When dealing with honest doubts another principle to apply is this: make a conscious decision to doubt your doubts and believe your beliefs. One of the key issues of the Christian life, as we have been seeing, depends on how prepared we are to exercise our wills in favour of God and His Word. To do this of course requires faith- faith in the fact that God has revealed Himself in His Son and through the Scriptures.

As a teenager I had many doubts about the Scriptures. But one night I made a conscious effort to accept them as the eternal and inerrant Word of God. Please notice I said “a conscious decision.” In other words I decided by an action of my will to doubt my doubts and believe my beliefs. Then I discovered an astonishing thing. Both doubt and faith are like muscles – the more you flex them the stronger they become.  Up until that time I had been using the muscles of doubt to a great degree, but unfortunately I had failed to exercise the muscles of faith. When I made up my mind to accept the truth of God’s Word by faith,  muscles I never thought I had began to function. Now many decades later those muscles have developed to such a degree that I find it easier to believe God than to doubt Him. I trace the beginnings of my spiritual development to that day, long ago when I decided to take what one theologian terms “the leap of faith.”

Quote of the week:

If it were not for hope the heart would break

Dr Thomas Fuller in The Word for Today

 

Blog 14th February “Doubts -Part Three”

“He’s Never Lied” featuring Lucy Jane Rutherford, Jim Rogers and Mike Backhouse from the album “The Season of Singing” recorded and produced by Ross Gill

So here is another extract from Selwyn Hughes’ “Every Day With Jesus” – and from the edition -“Strong at the Broken Places.”

Selwyn is referring to the passage in Matthew’s Gospel Chapter 11:3 “Are you the one who is to come or should we expect someone else.”

An important thing to remember when considering the issue of doubt is that although God would prefer us to believe, He is exceedingly loving and gracious towards those who struggle with genuine doubts. Did you notice that when we were looking at Thomas two days ago that Jesus did not denounce his attitude of doubt, nor did He refuse his request for physical evidence that He truly was the Christ? Instead Jesus said to him “Put your finger here; see my hands. Roach out your hand and put it into my side. Stop doubting and believe (John 20:27)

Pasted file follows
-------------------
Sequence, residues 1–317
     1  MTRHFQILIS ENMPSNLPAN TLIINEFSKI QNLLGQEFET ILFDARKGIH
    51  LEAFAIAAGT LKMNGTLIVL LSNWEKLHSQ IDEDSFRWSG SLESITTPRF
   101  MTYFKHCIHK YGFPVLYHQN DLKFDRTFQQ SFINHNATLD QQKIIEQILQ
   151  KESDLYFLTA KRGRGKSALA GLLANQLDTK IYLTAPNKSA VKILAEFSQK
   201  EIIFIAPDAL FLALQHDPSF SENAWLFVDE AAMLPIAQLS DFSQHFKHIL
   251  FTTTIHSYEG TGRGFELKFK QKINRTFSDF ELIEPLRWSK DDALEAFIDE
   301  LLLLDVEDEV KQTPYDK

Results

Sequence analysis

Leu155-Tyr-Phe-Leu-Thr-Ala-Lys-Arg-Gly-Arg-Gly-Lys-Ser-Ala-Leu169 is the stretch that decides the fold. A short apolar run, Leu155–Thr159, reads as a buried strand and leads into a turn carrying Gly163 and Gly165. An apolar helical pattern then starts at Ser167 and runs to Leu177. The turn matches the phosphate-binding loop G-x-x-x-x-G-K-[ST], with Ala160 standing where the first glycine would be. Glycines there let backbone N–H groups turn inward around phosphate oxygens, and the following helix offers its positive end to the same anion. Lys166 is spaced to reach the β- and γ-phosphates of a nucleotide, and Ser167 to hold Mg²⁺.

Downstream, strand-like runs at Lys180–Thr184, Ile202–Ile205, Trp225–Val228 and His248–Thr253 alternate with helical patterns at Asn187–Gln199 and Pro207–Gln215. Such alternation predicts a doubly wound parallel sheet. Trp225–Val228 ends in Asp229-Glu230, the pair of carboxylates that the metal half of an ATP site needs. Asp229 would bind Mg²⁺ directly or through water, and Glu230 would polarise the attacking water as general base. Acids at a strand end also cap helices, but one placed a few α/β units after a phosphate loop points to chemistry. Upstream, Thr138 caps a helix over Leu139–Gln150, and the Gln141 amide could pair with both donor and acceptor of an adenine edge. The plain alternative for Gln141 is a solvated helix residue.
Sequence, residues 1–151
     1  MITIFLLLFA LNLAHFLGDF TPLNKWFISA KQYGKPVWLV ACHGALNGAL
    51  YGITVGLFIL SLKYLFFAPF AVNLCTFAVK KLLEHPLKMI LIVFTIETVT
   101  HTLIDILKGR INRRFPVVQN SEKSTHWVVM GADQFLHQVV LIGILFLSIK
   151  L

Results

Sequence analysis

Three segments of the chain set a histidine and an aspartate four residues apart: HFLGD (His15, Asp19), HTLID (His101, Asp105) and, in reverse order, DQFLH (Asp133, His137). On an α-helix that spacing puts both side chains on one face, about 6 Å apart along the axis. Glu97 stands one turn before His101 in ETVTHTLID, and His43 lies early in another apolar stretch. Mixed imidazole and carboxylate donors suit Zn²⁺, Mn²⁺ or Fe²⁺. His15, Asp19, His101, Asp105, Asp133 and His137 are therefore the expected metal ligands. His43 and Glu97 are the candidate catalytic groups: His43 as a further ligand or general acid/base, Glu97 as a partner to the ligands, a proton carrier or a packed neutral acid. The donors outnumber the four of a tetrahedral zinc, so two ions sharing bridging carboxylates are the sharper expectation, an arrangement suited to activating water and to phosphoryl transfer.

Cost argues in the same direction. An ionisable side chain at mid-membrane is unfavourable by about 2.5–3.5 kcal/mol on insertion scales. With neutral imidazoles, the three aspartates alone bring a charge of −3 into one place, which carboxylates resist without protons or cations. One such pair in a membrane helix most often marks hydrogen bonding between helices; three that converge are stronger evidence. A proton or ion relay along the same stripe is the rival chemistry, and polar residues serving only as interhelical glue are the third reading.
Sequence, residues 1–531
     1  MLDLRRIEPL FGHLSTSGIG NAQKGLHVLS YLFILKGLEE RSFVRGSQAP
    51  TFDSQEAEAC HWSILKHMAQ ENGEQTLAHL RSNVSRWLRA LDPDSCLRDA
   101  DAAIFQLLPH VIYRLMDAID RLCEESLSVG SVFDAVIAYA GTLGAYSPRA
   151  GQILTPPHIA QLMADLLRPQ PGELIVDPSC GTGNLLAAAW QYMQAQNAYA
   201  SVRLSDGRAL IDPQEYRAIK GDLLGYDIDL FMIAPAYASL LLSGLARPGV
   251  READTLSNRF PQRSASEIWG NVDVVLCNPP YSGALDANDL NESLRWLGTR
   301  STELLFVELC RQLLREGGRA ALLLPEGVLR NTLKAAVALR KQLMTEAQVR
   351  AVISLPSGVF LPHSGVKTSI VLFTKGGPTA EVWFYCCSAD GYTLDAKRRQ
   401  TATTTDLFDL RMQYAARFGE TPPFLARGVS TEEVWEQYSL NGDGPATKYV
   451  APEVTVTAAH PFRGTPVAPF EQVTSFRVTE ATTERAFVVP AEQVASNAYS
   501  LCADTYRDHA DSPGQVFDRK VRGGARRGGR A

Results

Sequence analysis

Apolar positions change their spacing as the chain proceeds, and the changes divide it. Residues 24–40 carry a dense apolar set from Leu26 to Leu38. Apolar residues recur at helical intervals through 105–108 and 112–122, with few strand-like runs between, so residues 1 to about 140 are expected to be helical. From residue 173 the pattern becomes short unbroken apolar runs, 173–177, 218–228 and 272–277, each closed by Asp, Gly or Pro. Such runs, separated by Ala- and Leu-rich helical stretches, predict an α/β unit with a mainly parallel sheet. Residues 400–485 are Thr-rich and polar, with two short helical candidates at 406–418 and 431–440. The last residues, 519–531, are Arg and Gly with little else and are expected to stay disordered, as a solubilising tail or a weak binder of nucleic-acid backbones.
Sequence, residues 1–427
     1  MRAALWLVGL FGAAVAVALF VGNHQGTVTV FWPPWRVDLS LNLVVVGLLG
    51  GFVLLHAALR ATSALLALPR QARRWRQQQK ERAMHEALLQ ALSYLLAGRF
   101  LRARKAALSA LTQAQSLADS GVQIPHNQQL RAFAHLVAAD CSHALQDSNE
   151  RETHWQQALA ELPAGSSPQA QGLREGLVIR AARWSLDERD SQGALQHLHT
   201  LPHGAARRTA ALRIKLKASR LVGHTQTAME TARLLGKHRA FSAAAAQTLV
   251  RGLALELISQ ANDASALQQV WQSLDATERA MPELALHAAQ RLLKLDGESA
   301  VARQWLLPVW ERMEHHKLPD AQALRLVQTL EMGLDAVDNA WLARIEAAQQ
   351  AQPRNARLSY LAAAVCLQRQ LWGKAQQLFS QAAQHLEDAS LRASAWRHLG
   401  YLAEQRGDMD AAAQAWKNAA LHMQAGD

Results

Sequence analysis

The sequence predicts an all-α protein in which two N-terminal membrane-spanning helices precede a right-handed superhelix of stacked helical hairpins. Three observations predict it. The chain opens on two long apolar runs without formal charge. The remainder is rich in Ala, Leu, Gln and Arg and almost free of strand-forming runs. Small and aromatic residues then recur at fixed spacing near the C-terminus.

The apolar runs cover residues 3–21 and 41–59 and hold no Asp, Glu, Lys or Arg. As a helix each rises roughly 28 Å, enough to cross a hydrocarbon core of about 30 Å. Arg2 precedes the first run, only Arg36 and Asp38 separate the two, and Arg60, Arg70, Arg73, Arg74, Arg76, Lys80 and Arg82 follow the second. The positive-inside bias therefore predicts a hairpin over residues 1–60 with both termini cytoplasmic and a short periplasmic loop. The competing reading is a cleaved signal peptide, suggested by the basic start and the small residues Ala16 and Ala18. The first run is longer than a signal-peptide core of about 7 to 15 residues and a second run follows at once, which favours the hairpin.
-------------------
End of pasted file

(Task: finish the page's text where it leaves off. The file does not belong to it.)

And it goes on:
The passage before us today tells of another occasion when a person closely associated with Jesus become obsessed with doubt. John the Baptist was in prison and probably suffering great discomfort and disillusionment. From prison he sent some messengers to Jesus to ask if He really was the Messiah or if they should be looking for somebody else. John, you remember had baptised Jesus and had introduced Him to the world with these words “Look, the Lamb of God who takes away the sin of the world (John 1; 29)

Does it not seem strange that John who had witnessed the descent of the Holy Spirit upon Jesus at His baptism, should have developed doubts about who He was and the validity of His mission? How did Jesus respond to this situation? With tenderness and sensitivity. He said “Go back and tell John what you hear and see. The blind receive sight, the lame walk, those who have leprosy are cured, the deaf hear. (vv 4-5) Jesus could have rebuked John, His doubting cousin, with strong words of reproof, but He didn’t. Although Jesus is concerned when we have problems, He is more concerned about people.

Quote of the week:

Do not let what you cannot do interfere with what you can do.

John Wooden

 

Blog January 31st “Doubts -Part Two”


Caption “How Great Are His Signs”  from Risen! The Musical featuring the London Touring Cast at the New Theatre Royal, Portsmouth


“It’s Now One Week” followed by “How Great Are His Signs” from the album Risen! The Musical featuring the “Original Cast”

So last week I started to consider the issue of having doubt in one’s Christian faith. I talked about how in Risen! The Musical we portrayed the unfairly named “Doubting Thomas” in his true light – a loyal friend and follower of Jesus. Selwyn Hughes also refers to Thomas later in this extract from an “Every Day With Jesus” edition -“Strong at the Broken Places.”